restaurant kitchen must have adequet production spaceOften inefficient–the result is a poorly organized kitchen and less than top-notch service. Keep menu production in mind as you determine space for receiving, storage, food preparation, cooking, baking, dish washing, production aisles, trash storage, employee facilities and a small office. Arrange your food production area so that everything is just a few steps away from the cook. Allow for two or more cooks to be able to work side by side during your busiest hours

  • Plan your menu early as the kitchen layout and equipment purchases depend on it. See if you can purchase used equipment or lease new to reduce initial costs.       Taste-test all the recipes repeatedly until the kitchen can achieve consistency. A good way to check the food and service is to have a private opening for family and friends.
  • Form a limited liability company or private corporation and be sure to define all key personnel responsibilities – in detail.
  • Allocate the available space considering furniture and equipment to be included. Consider efficient flow and applicable regulatory requirements.       Be specific for dining, kitchen, dish washing, prep, storage, bathrooms, administrative work areas and entrances/exits.
  • Plan the layout for the dining area in detail. Remember to balance the desire for the maximum number of seats with customer comfort, and avoid seating in high traffic lanes or stuffed into corners. Avoid locating tables in the middle of the room like little islands and consider instead having low divider walls and hanging plants to break up the space.
  • Don’t forget the graphics – from exterior signage to the look of the menus, graphic design plays an important part in the overall image to be portrayed.
  • Pay attention to the lighting design. Focus dramatic light onto the tables to highlight the food, and compliment it with glowing background light to make the interior and customers look good.
  • Decide whether to offer a full service bar as this will dramatically influence initial investment requirements. Periodically Arizona releases a limited number licenses such as Series 6, 7 and 9 liquor licenses – Series 6 is needed to operate a bar, Series 7 is needed to serve beer and wine, and Series 9 is needed to sell liquor at retail. Until recently, the only way to obtain a bar or liquor license had been to buy it from another business with prices reaching $90,000 for an existing Series 6 and up to $240,000 for a Series 9. This state intends to issue a total of 126 new licenses this year at the going market rate.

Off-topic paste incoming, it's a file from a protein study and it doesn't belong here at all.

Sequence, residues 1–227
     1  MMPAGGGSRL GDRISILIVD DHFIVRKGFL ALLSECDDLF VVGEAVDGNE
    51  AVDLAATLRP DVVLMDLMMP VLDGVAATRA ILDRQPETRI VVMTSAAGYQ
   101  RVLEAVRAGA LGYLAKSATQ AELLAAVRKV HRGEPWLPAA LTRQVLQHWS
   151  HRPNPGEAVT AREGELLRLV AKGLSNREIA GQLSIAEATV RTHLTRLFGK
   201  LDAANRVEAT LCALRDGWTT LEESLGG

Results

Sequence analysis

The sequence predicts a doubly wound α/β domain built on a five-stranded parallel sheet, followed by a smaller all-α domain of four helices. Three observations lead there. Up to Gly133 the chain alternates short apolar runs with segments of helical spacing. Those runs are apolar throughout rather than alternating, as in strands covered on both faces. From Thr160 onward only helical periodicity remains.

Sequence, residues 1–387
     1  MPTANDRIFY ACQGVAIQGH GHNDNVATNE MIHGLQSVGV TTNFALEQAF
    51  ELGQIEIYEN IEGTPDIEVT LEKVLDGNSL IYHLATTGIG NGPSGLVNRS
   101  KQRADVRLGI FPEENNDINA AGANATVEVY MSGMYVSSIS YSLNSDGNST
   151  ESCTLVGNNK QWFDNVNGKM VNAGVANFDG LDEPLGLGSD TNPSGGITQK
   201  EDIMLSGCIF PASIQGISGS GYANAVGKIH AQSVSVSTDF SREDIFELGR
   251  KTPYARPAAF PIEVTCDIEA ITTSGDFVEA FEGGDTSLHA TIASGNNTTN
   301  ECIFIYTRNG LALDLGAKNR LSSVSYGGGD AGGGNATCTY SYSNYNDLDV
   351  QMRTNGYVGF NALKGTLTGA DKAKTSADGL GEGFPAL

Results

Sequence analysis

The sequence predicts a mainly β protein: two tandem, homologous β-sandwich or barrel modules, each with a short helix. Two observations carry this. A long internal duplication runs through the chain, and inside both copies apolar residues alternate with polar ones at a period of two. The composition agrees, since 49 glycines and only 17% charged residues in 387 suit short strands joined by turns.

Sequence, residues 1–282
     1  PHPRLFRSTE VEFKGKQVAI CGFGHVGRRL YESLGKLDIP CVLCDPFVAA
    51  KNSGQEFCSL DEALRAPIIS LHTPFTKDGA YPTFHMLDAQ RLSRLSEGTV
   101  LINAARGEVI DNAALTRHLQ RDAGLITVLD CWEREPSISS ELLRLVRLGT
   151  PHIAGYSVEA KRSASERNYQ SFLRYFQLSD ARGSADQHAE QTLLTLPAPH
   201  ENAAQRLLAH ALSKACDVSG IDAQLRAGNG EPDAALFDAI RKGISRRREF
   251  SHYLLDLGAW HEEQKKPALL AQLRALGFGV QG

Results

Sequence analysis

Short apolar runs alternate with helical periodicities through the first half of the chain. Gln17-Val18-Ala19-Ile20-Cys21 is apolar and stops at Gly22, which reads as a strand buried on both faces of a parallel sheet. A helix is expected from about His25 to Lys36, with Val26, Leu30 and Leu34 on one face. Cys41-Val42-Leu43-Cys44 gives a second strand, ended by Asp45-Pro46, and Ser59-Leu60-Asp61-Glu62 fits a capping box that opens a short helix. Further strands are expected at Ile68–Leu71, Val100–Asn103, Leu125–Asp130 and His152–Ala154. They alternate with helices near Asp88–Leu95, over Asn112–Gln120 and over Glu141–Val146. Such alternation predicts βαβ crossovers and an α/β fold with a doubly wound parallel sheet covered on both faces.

• Define your insurance needs. Restaurants are sources of potential accidents from fires to floods to food poisoning, and hundreds of other catastrophes. The NRA is an outstanding resource for guidance on related insurance coverage requirements.
  • Select and train your staff early. Look for enthusiasm, good grooming and experience. Allow them enough time to become familiar with your concept as well as for cross training. Remember that the person greeting customers is as important as the person running the kitchen – and great service and great food is a winning combination for success.
  • Set up a restaurant oriented bookkeeping and accounting system – more on this later on. Be sure to establish control over the meal checks as there are dozens of scams that dishonest servers and cashiers, especially bartenders, can use.       In particular understand and document the entire process thoroughly, and watch the petty cash, cash drawer flow and check cashing processes. Get expert advice on how to prevent abuses.
  • Designate several trusted employees to supervise storage areas. Stress that they must check in all deliveries and audit the food inventory carefully – document these responsibilities into their job descriptions.
  • Read books and attend SCORE training seminars on managing a business. Take a class at a local university on restaurant management.
  • Finally, decide on the restaurant’s overall look. Beware of trendy, contrived designs that are short lived. Attempt to provide a warm, friendly atmosphere tailored to the customer base you are trying to attract.

Dining Area

Plan your restaurant's decor & seatingDining room design will depend on your concept. This is where you’ll make the bulk of your money, so don’t cut corners. Visit restaurants in your area and analyze the décor. Watch the diners; do they react positively to the décor? Note what works well and what doesn’t.

Calculating Seating Capacity

Note relation of costs to gross and to menu pricing which are functions of number of seats, seat turns, average cover, seasonality (caveat summer), lunch covers, dinner covers, etc.

Estimate gross by number of seats times average cover reflecting these factors:

  1. Determine desired profit—convert to percentage of sales to get sales required;
  2. Determine number of operating days—divide number of days into sales to get average daily sales;
  3. Estimate volume percentages for meal periods (breakfast, lunch, dinner);
  4. Multiply figures in step 3 by average sales per day to get dollar volume per period;
  5. Determine average check per meal period;
  6. Divide dollar volumes in step 4 by average check for the number of patrons per period;
  7. Estimate:
    1. Average seat occupation per meal period;
    2. Time per meal period;